The Central Bank of Nigeria (CBN) has disclosed that currency in circulation dropped by 4.02 per cent to N1.96 trillion in April.
The apex bank on its official website said currency in circulation in March was N2 trillion in March, the highest so far this year.
The apex bank for last month, February said currency in circulation was at N1.94 trillion while in January, it opened at N1.945 trillion from N2.15 trillion in December 2017.
Findings by our correspondent revealed that, N2.15 trillion reported by CBN was the highest naira in circulation reported in 2017.
The CBN’s economic report for fourth quarter of 2017 had disclosed that, “at N2.15 trillion, currency-in-circulation rose by 21.1 per cent, above the level in the third quarter of 2017. The development reflected the growth in currency outside banks.
“Total deposits at the CBN amounted to N13.17 trillion, indicating 7.5 per cent increase over the level at the end of the third quarter of 2017. The development was as a result of the rise in the deposits of banks, Federal Government and the “Others” in the review quarter.
“Of the total deposits at the CBN, the shares of the Federal Government, Banks and „ Others were N6,018.10 billion (45.7 per cent), N4,320.37 billion (32.8 per cent) and N2,834.02 billion (21.5 per cent), respectively.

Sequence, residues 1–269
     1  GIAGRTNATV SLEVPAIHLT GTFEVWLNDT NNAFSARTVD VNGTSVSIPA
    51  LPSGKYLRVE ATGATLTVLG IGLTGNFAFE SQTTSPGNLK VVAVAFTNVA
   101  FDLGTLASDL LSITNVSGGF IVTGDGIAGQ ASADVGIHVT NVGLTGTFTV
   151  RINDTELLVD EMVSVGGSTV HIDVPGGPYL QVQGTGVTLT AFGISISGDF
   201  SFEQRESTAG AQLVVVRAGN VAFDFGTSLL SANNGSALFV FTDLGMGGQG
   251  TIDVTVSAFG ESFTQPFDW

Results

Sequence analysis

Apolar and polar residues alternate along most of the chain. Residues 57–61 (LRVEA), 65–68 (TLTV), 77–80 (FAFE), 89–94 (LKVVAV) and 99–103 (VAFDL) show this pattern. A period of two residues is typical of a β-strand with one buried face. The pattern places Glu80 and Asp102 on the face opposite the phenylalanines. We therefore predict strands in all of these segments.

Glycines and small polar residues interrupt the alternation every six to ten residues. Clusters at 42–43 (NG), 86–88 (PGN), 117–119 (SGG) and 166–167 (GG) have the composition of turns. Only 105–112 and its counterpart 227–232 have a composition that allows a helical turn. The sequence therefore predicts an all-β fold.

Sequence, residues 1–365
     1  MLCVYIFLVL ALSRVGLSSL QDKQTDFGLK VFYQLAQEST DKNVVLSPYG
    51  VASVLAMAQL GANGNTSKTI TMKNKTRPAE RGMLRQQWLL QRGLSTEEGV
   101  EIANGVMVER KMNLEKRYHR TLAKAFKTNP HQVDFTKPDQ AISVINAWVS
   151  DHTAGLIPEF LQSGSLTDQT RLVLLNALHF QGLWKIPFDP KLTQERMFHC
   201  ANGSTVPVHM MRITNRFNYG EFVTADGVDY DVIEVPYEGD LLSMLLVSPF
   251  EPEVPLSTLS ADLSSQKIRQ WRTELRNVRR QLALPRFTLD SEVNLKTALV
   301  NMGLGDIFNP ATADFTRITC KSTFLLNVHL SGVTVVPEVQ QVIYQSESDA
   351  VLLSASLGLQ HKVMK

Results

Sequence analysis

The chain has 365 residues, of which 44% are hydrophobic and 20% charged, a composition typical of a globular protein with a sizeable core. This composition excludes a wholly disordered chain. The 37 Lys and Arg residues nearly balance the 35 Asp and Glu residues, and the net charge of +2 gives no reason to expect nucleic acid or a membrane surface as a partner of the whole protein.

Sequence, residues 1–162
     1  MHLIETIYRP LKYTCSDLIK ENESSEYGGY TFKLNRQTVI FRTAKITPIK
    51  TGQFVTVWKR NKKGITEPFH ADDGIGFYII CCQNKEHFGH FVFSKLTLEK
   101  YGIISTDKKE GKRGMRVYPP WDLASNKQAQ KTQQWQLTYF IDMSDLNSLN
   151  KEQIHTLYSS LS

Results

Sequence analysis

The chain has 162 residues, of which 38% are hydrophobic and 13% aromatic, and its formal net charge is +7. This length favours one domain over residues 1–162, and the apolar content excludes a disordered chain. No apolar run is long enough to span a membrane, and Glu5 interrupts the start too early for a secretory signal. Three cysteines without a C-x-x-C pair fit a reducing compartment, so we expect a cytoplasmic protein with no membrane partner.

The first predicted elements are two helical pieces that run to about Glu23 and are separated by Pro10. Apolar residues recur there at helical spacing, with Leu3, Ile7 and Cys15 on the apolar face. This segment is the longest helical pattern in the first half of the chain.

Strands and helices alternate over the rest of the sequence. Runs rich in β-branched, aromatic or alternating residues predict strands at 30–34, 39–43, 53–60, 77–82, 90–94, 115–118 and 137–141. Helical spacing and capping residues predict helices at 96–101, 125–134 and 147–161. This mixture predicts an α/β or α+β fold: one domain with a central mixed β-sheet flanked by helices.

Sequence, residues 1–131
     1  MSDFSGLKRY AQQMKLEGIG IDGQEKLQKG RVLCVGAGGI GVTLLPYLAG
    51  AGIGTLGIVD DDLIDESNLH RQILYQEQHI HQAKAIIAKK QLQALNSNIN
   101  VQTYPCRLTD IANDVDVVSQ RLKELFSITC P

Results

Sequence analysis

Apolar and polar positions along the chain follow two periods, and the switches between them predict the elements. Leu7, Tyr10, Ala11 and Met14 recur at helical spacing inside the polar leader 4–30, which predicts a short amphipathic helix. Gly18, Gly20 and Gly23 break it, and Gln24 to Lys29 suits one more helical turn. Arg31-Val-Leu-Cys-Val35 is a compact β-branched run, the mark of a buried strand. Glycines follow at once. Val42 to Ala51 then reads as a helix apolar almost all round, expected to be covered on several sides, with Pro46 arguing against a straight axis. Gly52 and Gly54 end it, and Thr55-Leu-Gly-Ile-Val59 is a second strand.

Currency in circulation between November and December 2017 was at N1.79 trillion and N1.89 trillion respectively, the CBN revealed on its website
CBN disclosed that the currency in circulation, which is the physical money used for transactions between consumers and businesses, open this year at N1.99 trillion and closed in February at N1.97 trillion.
Currency analyst at Ecobank Nigeria, Mr. Kunle Ezun, had hinted that excess liquidity in the economy is due to Yuletide celebration that has leveraged on growth in currency in circulation, stressing that Nigerians are finding it difficult to embrace the cash policy of the CBN.
“The market is liquid and it is due to current season of the year. We have seen a lot of Treasury Bills that have matured which the CBN has not rolled over. Market is awash with liquidity coming from CBN suspension of Open Market Operation (OMO) and slow down in the foreign exchange sales.”
He explained further that Nigeria is still more of a cash economy, facing infrastructure challenges.
“Someone can blame infrastructure deficit on CBN’s good intention of making Nigeria a cashless society. The infrastructure that will make the cashless policy work is missing compared to what we have in Kenya.
The apex bank in 2002 introduced the cashless policy to eliminate the amount of physical cash (coins and notes) circulating in the economy, and encouraging more electronic-based transactions (payments for goods, services, transfers, among others.)